Additionally or alternatively, referring to still to FIG. 3E, the second power line communication signal may include an identification component corresponding to whether the electric grid device E is electrically connected to an electric grid 100. Moreover, transmitting (Block 302) the second power line communication signal may include transmitting (Block 302E) the second power line communication signal including the identification component corresponding to whether the electric grid device E is electrically connected to the electric grid 100, from the sensor device S to the communication node C, in response to receiving the first power line communication signal P.

Referring to FIG. 3F, which is a modification of FIG. 3A, the second power line communication signal may include an electrical signature (e.g., health signature) and/or an electrical parameter corresponding to a health component of the electric grid device E. Moreover, transmitting (Block 302) the second power line communication signal may include transmitting (Block 302F) the second power line communication signal including the electrical signature and/or electrical parameter corresponding to the health component of the electric grid device E, from the sensor device S to the communication node C, in response to receiving the first power line communication signal P.

Referring to FIG. 3G, which is a modification of FIG. 3A, the first power line communication signal P may include an unsolicited ping P transmitted by the communication node C. Moreover, receiving (Block 301) the first power line communication signal P may include receiving (Block 301G) from the communication node C the unsolicited ping P at the sensor device S that is at or adjacent the electric grid device E.

It will be understood that a sensor device S of FIG. 1F may be configured to perform the operations illustrated in FIGS. 3A-3G. For example, a power line communications interface 163′ of the sensor device S may be configured to perform the transmit and receive operations illustrated in FIGS. 3A-3G.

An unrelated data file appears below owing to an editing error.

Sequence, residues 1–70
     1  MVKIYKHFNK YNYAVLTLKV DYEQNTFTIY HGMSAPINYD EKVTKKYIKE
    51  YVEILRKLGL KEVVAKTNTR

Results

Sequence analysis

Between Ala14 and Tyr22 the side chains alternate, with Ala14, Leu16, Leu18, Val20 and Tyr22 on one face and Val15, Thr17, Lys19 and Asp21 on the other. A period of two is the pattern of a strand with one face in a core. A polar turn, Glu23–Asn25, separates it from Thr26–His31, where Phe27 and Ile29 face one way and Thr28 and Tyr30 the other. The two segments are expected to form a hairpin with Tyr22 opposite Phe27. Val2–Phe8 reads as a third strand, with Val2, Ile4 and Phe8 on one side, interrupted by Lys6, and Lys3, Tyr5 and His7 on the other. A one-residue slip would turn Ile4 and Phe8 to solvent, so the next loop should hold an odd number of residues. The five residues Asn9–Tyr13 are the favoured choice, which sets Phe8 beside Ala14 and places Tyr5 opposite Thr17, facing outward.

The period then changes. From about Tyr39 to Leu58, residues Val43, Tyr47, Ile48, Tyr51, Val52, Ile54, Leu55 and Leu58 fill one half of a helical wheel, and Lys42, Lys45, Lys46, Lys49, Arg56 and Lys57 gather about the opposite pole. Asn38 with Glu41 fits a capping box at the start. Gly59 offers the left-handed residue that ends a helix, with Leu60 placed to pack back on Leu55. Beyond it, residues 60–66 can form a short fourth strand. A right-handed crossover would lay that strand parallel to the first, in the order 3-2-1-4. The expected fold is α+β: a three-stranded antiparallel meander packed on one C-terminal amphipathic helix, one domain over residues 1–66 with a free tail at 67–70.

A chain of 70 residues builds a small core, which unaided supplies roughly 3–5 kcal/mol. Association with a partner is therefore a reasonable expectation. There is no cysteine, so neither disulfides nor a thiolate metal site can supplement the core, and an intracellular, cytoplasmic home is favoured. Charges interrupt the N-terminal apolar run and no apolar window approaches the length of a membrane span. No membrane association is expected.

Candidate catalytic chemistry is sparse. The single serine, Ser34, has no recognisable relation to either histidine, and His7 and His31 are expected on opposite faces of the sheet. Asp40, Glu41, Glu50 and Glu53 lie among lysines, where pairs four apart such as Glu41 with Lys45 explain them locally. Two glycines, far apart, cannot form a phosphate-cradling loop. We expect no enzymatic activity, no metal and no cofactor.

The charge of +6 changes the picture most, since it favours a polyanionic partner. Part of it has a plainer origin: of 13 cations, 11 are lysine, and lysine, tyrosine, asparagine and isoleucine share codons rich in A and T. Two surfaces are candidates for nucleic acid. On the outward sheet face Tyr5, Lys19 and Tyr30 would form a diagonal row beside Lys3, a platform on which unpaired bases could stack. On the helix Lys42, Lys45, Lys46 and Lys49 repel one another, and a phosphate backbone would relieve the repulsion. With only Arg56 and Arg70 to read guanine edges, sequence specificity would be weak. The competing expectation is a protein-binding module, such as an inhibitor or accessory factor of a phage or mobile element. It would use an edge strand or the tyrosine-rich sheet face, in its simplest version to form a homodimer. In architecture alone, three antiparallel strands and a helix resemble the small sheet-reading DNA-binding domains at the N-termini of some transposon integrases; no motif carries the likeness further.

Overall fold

According to various embodiments described herein, a communication node C may send an MV PLC signal to a sonar sensor (e.g., a sensor device S). The communication node C may then analyze a responsive signal that it receives to determine, for example, (a) an impedance measurement, (b) a signature regarding device/asset (e.g., an electric grid device E) health, (c) a signature regarding a device/asset type, and/or (d) a signature regarding whether the device/asset is electrically connected to a grid. Because having a built-in GPS at the device/asset may be cost-prohibitive, the communication node C may perform the impedance measurement to determine a distance between the device/asset and the communication node C. Moreover, software of a head end system H may take (i) a GPS measurement of the communication node C and (ii) the impedance measurement by the communication node C to determine GIS coordinates for the device/asset. Accordingly, PLC and waveform analysis tools can be used at the communication node C to help determine the geospatial relationship of grid devices/assets and/or to monitor and improve grid device/asset health. In contrast, analysis/calculations performed exclusively at the electric utility data center 130, without using the communication node C that is in the field and thus closer to the grid device/asset, may be slower and less accurate.

In the specification, various embodiments of the present inventive concepts have been disclosed and, although specific terms are employed, they are used in a generic and descriptive sense only and not for purposes of limitation. Those skilled in the art will readily appreciate that many modifications are possible for the disclosed embodiments without materially departing from the teachings and advantages of the present inventive concepts. The present inventive concepts are defined by the following claims, with equivalents of the claims to be included therein.